Wednesday, April 16, 2014


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Providing employment for a large section of the population, agriculture remains a major source of economic activity in Nigeria.

In Nigeria, agriculture has remained the largest sector of the economy.  It generates employment for about 70% of Nigeria’s population and contributes about 40% to the Gross Domestic Product (GDP) with crops accounting for 80%, livestock 13%, forestry 3% and fishery 4%.

Before now, Nigeria was known for the export of the three major cash crops; palm oil, groundnuts and rubber; but presently, little or nothing is heard about these sources of foreign exchange. The country’s sole dependence on crude oil has dominated the economy and rendered it unproductive. Oil has become the major export Nigeria is recognized for in the world economy.

Figures obtained from the National Bureau of Statistics indicates that Nigeria earned Nigeria earned about N305.1billion within the first three months of 2013 and N158.38 billion from Natural rubber. Nigeria has a comparative trade advantage on rubber production and exportation besides crude oil.

Hevea brasiliensis drives the world – quite literally. Hevea brasiliensis is the world’s number one source for natural rubber, and though the primary use is in vehicle tires, it has hundreds of consumer and industrial applications. These include uses in building and bridge construction, medicine, personal care and transportation, and in many cases, it cannot be replaced by synthetic, or petroleum-based, rubber.

Most natural rubber, also called India rubber or caoutchouc, comes from latex, the milky tree sap of Hevea brasilensis. The trees are tapped by making an incision in the bark of the tree and collecting the sap in a bucket – a very low-tech process and much like the way maple trees are tapped to make maple syrup. The latex is then refined into natural rubber.

The harvesting (Tapping) or rubber is done during the dry season. Tapping normally takes place early in the morning, when the internal pressure of the tree is highest. A good tapper can tap a tree every 20 seconds on a standard half-spiral system, and a common daily "task" size is between 450 and 650 trees. Trees are usually tapped alternate or third daily, although there are many variations in timing, length and number of cuts.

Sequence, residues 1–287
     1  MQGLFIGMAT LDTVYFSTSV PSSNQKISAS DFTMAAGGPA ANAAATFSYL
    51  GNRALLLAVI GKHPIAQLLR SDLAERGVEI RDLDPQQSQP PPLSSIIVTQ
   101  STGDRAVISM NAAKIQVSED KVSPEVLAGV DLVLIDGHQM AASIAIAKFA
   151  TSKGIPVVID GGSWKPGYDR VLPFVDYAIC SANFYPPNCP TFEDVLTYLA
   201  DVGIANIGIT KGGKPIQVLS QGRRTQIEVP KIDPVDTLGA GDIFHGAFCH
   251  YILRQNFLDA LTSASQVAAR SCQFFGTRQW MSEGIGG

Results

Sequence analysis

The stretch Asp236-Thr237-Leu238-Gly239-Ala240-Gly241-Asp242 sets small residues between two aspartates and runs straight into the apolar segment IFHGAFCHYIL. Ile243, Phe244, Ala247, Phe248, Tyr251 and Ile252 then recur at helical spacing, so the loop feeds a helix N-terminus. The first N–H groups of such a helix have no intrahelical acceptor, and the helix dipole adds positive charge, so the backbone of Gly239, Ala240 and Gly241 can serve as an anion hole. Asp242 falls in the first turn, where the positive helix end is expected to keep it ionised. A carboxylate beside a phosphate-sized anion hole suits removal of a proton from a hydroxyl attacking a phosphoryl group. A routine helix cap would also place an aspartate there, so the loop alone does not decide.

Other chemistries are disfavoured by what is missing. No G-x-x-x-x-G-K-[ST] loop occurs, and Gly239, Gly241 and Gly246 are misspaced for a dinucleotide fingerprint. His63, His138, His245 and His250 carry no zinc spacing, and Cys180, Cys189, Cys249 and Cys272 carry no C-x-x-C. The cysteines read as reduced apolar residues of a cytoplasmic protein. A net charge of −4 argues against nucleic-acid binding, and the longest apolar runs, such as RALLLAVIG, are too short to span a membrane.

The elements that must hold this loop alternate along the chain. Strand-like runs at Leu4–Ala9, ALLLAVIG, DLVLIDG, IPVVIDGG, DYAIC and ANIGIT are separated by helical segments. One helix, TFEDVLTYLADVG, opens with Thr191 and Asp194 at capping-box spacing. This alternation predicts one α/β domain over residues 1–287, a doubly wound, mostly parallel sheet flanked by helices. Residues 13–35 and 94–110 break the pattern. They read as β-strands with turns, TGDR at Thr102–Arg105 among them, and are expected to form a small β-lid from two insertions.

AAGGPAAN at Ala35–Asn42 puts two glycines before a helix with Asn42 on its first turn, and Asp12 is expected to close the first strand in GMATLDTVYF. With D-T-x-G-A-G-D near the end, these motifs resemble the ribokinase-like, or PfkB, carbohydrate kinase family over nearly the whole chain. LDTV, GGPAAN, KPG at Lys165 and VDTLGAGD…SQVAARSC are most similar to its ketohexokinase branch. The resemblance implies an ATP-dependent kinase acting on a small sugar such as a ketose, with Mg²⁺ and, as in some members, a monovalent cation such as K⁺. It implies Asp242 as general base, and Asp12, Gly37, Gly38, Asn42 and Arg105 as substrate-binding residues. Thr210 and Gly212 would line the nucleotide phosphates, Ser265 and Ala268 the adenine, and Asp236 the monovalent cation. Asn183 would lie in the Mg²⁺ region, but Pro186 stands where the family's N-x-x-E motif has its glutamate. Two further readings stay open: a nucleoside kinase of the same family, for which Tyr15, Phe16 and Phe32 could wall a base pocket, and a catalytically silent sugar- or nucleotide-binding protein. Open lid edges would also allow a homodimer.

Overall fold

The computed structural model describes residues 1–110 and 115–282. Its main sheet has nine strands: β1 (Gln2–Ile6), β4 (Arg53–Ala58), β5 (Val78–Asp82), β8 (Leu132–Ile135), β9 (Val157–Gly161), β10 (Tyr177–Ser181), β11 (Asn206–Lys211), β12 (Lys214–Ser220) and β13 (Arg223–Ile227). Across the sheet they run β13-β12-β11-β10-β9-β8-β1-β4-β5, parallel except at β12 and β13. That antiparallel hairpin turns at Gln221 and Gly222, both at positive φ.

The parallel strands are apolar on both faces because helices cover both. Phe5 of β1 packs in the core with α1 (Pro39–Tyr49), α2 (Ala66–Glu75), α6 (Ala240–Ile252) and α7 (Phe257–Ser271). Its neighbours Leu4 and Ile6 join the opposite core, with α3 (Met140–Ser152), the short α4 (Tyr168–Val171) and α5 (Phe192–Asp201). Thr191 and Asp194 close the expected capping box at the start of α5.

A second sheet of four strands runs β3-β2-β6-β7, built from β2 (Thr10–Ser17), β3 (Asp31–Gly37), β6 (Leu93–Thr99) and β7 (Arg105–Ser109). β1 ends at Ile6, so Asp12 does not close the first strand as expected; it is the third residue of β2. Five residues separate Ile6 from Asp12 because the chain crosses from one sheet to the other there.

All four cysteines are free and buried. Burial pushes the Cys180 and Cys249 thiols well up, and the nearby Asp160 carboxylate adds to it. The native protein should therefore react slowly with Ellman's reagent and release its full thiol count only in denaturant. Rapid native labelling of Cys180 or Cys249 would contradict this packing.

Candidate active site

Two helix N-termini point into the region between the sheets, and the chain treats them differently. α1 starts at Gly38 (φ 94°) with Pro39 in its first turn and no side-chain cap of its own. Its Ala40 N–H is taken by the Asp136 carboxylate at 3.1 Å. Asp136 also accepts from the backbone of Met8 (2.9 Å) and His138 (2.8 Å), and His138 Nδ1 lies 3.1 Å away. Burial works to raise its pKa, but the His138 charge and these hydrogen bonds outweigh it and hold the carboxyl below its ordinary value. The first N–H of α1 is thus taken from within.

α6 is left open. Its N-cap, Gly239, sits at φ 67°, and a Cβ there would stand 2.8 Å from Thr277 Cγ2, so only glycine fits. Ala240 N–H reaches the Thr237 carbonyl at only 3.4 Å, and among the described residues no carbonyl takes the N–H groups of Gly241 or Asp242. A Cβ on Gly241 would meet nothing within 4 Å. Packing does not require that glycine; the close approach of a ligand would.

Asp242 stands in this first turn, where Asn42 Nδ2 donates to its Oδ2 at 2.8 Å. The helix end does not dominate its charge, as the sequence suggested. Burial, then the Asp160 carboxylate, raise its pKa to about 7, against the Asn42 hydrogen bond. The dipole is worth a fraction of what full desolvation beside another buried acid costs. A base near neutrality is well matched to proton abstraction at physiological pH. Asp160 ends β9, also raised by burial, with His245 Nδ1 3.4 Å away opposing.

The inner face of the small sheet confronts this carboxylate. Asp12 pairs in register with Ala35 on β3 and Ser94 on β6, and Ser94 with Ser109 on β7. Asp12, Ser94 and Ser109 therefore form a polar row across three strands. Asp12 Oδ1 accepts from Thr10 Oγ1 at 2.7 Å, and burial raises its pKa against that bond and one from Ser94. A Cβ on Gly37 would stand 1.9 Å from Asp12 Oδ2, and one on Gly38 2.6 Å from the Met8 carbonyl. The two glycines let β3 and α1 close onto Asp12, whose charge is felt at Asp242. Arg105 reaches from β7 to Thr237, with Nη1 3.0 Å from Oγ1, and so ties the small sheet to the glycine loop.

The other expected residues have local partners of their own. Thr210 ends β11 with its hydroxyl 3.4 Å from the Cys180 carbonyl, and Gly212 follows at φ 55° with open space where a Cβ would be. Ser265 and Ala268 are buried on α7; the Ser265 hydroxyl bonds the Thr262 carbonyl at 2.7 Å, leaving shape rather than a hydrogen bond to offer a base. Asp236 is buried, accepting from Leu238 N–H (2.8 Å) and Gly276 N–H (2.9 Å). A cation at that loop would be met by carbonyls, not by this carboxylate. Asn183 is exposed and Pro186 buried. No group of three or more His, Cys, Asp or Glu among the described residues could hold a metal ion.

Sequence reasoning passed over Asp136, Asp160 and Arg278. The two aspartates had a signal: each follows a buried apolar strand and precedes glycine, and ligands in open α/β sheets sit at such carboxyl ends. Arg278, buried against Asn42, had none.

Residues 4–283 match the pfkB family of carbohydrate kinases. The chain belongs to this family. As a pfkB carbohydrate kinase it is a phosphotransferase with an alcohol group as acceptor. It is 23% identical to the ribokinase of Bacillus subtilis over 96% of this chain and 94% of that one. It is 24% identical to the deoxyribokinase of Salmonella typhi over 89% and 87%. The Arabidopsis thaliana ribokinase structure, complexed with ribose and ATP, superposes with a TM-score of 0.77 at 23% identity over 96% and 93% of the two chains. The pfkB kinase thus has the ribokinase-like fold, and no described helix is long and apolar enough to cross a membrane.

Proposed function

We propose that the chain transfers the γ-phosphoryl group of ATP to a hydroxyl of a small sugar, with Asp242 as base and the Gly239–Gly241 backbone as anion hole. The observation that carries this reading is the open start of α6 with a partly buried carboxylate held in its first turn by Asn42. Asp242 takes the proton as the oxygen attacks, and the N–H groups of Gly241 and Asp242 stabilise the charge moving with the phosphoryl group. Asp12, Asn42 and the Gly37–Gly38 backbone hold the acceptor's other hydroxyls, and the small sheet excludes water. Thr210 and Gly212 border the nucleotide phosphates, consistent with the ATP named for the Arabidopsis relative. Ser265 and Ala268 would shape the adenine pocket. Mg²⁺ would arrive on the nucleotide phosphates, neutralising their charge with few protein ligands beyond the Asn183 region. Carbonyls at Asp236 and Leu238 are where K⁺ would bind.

Nigeria exports about 60,000 tons of natural rubber annually. The production of natural rubber in Nigeria which began in 1894 with the exploitation of indigenous wild rubber of Funtumia elastica was found to be the best source of plant because of its singular ability to renew its bark and thus ensure sustained harvest. It was introduced into Nigeria from Kew Gardens, England around 1895 with the first rubber estate planted at Sapele in 1903 and a second one at Nkisi in the then Eastern region in 1912. By 1925, some 1000 hectares of European owned estates existed in the South – western Nigeria.

Rubber is grown in Edo, Delta, Ondo, Ogun, Abia, Anambra, Akwa Ibom, Cross River, Rivers, Ebonyi and Bayelsa States where the amount of rainfall is about 1800 mm to 2000 mm per annum. Rubber requires a well-drained, sandy loam, well-aerated permeable subsoil in which its root system can proliferate.Rubber cannot stand a waterlogged soil. A land drained to at least 1.2m is adequate for rubber. Soil rich in nitrogen are preferred although phosphorous and potassium must also be available as well as trace elements.Temperatures between 24 and 35 or more are
needed for proper growth of rubber.

Natural rubber performs three main functions in our national economy; these are the provision of raw materials for the agro-based industries, it provides foreign exchange earnings and places Nigeria in the world map as a net exporter of rubber and lastly, it offers employment to a sizeable segment of the Nigerian farming rural.

The demand-supply gap of natural rubber is predicted to significantly widen in the course of the current decade and likely to end up in a shortage of as much as one million tonnes by 2020, according to estimates. The gap between the forecasted productions of natural rubber (12.5 million tons) and forecasted consumption (13.6 million tons) will be 1.1 million tons.

Factors to consider before cultivating rubber tree in Nigeria includes land, choice of variety, time of planting, seed rate, seed dressing, spacing and other agricultural practice.

From the above, it is clear that a large and sustainable exist for rubber tree cultivation and production in Nigeria for both local and export market.

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